Dogs subjected to this treatment began to vacillate between aggression and unresponsiveness. The Annual Review of Physiology cites an instance in which a "hitherto quiet dog began to squeal in its stand, kept wriggling about," and even "bit through the tubes connecting the animal's room with the observer's." It lashed out fiercely when being led to the experimental room. He didn't limit this psychological torture to dogs. He also shocked the tail of a hungry cat while it ate mice. The cat spat out its meal and for weeks would become "scared and immobile, her heart racing" at the mere sight of a mouse. Pavlov found that such "experimental neurosis are usually permanent," lasting months or even years.

Pavlov and his mistress tried to turn dogs into alcoholics

When it came to his love life, Pavlov was a dog in the least loyal sense of the word. The man's true best friend was his wife, Serafima, who, as author Daniel Todes notes, was so devoted to Pavlov's his happiness and success that she stopped practicing her faith and structured her life to meet his desires. Unfortunately, his desires also included his doctoral student, Maria Petrova. The Pennsylvania Gazette reports that Petrova entered the picture when Pavlov was 63-years-old. By that point, he was already a Nobel laureate, the first in Russian history, per the American Physiology Association. But instead of resting on his laurels, he got busy with Petrova.

The whole dynamic screamed, "awkward," partly because Pavlov was prone to screaming at people. Both he and Petrova were married, and she was roughly 25 years his junior. Pavlov's wife knew about the indiscretions, as did his colleagues. The folks at the lab didn't take kindly to the affair, and Petrova received hate mail, which she suspected came from a jealous former supervisor who wanted Pavlov for herself. In addition to screwing each other, the lovers screwed pooches over by making them neurotic, neutering them, and giving them booze during research collaborations. As Todes details, one dog reportedly went "mad" and was classified as a "sensitive schizoid." Another was judged to have exhibited symptoms similar to "an alcoholic's delusions of persecution."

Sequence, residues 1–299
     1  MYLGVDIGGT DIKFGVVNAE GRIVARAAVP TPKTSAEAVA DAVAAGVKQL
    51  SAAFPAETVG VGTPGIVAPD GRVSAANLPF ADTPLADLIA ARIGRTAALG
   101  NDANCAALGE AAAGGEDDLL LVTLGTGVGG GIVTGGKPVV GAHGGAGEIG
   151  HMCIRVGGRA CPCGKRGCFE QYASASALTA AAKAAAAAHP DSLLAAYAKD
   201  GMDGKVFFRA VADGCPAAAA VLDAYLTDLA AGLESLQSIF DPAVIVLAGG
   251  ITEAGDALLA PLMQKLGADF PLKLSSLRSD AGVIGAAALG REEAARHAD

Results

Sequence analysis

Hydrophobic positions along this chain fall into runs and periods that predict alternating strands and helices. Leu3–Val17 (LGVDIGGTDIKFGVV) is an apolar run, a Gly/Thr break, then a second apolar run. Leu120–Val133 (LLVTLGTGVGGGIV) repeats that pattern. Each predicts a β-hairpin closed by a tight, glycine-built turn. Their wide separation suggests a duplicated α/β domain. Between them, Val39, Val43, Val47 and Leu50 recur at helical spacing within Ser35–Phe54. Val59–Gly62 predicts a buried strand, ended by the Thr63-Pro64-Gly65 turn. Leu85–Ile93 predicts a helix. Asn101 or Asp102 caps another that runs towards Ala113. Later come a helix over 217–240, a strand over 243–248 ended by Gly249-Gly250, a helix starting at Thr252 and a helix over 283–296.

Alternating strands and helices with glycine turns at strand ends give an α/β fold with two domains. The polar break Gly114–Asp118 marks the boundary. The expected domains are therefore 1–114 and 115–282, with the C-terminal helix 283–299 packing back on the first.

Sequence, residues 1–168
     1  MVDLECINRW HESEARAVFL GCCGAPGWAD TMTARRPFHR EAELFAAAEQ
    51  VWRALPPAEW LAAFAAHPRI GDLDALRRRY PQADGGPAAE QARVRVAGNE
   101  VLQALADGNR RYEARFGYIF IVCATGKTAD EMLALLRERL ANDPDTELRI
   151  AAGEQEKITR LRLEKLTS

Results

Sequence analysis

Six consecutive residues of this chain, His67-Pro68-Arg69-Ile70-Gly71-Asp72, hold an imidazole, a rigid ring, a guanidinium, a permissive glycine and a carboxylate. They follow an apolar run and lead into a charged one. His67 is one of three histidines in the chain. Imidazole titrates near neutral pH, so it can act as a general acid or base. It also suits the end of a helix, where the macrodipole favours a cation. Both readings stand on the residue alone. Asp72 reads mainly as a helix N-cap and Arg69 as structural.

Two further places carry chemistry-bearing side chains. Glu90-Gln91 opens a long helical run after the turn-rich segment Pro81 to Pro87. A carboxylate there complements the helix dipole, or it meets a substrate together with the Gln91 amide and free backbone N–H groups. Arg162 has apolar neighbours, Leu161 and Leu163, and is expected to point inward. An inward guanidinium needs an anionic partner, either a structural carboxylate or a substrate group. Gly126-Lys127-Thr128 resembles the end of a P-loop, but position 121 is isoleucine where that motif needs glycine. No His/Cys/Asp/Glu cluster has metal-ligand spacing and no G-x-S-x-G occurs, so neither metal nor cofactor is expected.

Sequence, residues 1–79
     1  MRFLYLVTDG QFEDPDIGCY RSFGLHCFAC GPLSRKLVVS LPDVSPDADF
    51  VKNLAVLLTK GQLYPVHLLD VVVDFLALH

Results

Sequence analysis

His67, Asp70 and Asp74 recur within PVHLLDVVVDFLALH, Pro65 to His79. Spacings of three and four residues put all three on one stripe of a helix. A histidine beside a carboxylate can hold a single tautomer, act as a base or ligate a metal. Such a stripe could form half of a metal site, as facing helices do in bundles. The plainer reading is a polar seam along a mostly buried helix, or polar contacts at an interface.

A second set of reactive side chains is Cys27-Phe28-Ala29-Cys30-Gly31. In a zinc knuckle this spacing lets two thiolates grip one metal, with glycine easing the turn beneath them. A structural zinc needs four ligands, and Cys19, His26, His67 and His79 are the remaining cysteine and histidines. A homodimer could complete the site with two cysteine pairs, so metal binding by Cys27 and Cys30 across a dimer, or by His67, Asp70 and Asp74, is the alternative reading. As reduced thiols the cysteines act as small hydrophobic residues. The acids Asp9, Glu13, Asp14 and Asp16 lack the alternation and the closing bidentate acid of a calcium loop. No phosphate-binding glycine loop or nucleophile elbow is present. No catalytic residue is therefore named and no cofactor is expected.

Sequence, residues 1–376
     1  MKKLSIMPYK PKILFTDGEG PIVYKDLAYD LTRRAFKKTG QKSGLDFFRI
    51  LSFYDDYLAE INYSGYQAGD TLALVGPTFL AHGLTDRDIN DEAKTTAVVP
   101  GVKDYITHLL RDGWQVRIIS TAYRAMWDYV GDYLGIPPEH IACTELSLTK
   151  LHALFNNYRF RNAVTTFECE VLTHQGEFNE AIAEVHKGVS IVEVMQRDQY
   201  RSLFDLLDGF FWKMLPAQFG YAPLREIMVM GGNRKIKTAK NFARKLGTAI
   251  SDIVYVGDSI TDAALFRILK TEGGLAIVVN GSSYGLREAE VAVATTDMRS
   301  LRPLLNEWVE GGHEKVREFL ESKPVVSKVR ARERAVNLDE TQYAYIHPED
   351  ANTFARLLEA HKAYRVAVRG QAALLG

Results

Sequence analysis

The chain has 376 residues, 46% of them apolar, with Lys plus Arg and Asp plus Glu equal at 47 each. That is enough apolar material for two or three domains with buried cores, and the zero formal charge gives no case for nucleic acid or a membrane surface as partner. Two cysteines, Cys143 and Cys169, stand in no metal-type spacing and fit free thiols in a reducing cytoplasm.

Pavlov bared his fangs at Communism

As an adolescent Pavlov witnessed the radical restructuring of Russian society when Tsar Alexander II did away with serfdom. As a 68-year-old man he witnessed another restructuring when Bolsheviks did away with Tsars. According to the Pennsylvania Gazette, the proto-Soviets seized his Nobel Prize money and gold medals he received for stellar research. The Bolshevik uprising robbed Pavlov of his son Viktor, who attempted to join the opposing White Army but died of typhoid during the journey. Pavlov's brother Sergei committed the sin of being a priest after the Bolshevik takeover and was placed in a labor camp where he died.

Russia's civil war was hell for Pavlov's dogs, who found themselves dying of hunger. Angry and grief-stricken, he directed his bile at the Bolsheviks. But as much as he despised them, they seemed to adore him. The Nobel Foundation notes that in 1921, Vladimir Lenin issued a special decree honoring the physiologist for his contributions to science. Per Britannica, Lenin wanted to supply him with food rations fit for an "honored communist." But Pavlov refused to let sleeping dogmas lie. He refused the food despite risking starvation. He tried to secure permission to leave the country. In 1924, Pavlov gave a public lecture where he called the Russian Revolution the result of a "breakdown" in the human "brain machine." In 1927 he declared that he was ashamed to be a Russian.